Articles: CPU

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The x86 instructions extracted from the block of bytes are decoded into macro-operations. A macro-op consists of two micro-operations: an integer or floating-point arithmetic micro-op and an address operation for memory access. The splitting into micro-ops is done by the scheduler prior to sending them for execution. The decoder of K8 processors distinguishes between three types of instructions:

  • DirectPath Single instructions are decoded into one macro-op in the hardware decoder;
  • DirectPath Double instructions are decoded into two macro-ops in the hardware decoder;
  • VectorPath instructions are decoded into three or more macro-ops using the on-chip microcode-engine ROM.

In a K8 processor, DirectPath and VectorPath instructions cannot be dispatched simultaneously. The decoders are issuing the decoded results at a rate of 3 macro-ops per cycle. Thus, the hardware decoder can decode 3 single instructions, 1 double and 1 single instruction or 1.5 double instructions (3 double instructions per two cycles). Since one VectorPath instruction can be decoded into more than 3 macro-ops, it can take more than 1 cycle to decode such instructions.

The macro-ops produced by the decoder each clock cycle are united into groups. A group consisting of 2 or even 1 macro-op is possible due to alternation of DirectPath and VectorPath commands and to various instruction fetch latencies. Such a group is completed with empty macro-ops so that there are thee macro-ops in total and is then dispatched.

VectorPath instructions from the SSE, SSE2 and SSE3 sets are divided in the K8 processor into pairs of macro-ops that separately process the top and bottom 64-bit parts of a 128-bit SSE register on 64-bit execution units. That’s why such instructions are decoded in the K8 processor at a rate of 3 instructions per 2 clock cycles. The width of the SSE devices in the future K8L processor will be expanded to 128 bits, so there is now no need to split vector instructions in two parts. The algorithm of decoding such instructions will obviously be changed in such a way that vector instructions could be decoded into single 128-bit macro-ops at a rate of 3 instructions per cycle.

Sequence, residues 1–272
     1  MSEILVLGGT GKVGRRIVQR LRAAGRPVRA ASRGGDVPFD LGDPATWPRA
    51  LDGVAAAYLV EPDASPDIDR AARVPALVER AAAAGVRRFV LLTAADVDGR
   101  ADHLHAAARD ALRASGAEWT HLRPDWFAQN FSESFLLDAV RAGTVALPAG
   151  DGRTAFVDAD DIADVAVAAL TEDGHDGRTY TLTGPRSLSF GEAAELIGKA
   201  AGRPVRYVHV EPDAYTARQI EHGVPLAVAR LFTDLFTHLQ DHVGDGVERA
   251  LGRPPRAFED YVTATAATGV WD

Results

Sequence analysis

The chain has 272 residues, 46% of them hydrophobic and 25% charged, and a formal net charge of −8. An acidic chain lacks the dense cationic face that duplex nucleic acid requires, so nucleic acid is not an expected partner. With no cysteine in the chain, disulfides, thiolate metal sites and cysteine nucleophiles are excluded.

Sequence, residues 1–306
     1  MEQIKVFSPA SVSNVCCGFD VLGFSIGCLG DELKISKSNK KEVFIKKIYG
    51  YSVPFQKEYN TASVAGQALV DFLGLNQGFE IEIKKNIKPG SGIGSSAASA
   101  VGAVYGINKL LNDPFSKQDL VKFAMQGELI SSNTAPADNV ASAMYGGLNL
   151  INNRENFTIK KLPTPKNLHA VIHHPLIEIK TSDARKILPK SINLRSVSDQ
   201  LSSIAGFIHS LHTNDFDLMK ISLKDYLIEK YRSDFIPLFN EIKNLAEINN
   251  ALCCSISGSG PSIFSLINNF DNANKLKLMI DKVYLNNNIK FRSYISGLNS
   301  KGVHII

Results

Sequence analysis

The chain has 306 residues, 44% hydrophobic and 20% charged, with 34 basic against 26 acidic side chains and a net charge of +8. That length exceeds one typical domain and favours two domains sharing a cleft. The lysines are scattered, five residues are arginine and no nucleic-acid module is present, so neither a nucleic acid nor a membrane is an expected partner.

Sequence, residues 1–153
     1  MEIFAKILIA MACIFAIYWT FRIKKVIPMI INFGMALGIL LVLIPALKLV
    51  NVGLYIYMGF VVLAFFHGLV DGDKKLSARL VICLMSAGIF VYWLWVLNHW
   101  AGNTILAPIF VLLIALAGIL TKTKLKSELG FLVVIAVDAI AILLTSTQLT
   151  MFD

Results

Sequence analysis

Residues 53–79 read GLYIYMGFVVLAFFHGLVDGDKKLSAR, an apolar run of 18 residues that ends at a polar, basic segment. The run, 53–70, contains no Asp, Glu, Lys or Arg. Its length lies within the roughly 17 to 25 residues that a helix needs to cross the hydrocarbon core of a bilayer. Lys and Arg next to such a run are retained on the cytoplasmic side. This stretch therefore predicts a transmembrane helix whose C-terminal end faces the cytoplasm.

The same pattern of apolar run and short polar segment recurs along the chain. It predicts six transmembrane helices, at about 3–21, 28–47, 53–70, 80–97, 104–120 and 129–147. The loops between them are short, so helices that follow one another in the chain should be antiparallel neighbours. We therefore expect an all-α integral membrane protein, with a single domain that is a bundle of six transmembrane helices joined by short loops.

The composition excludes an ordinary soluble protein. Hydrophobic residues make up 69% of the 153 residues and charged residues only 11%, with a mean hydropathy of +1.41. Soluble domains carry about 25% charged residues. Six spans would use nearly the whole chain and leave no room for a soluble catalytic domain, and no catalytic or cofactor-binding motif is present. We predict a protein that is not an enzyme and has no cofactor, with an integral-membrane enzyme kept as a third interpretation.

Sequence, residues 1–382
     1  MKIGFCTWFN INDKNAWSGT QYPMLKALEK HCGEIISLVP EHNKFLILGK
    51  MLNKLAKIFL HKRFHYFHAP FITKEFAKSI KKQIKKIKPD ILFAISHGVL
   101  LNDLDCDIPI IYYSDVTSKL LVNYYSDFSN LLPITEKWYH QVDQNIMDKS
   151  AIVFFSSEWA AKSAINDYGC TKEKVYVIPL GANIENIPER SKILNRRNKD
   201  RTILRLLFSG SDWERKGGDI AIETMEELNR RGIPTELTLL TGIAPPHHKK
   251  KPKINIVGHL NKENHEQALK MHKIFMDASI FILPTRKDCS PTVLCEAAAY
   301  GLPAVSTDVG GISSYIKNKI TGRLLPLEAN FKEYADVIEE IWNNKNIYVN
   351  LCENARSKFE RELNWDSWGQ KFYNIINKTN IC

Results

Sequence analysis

Although the decoder of the K8L processor may not be able to decode 4-5 instructions per cycle, just the way Conroe can do it under favorable conditions, it will not hinder programs execution, because the commands are on average executed at less than 3 commands per cycle. K8 usually decodes one x86 instruction into fewer macro-operations than Conroe CPU would do. This, as well as the 32-byte fetch set, make its decoder highly efficient.

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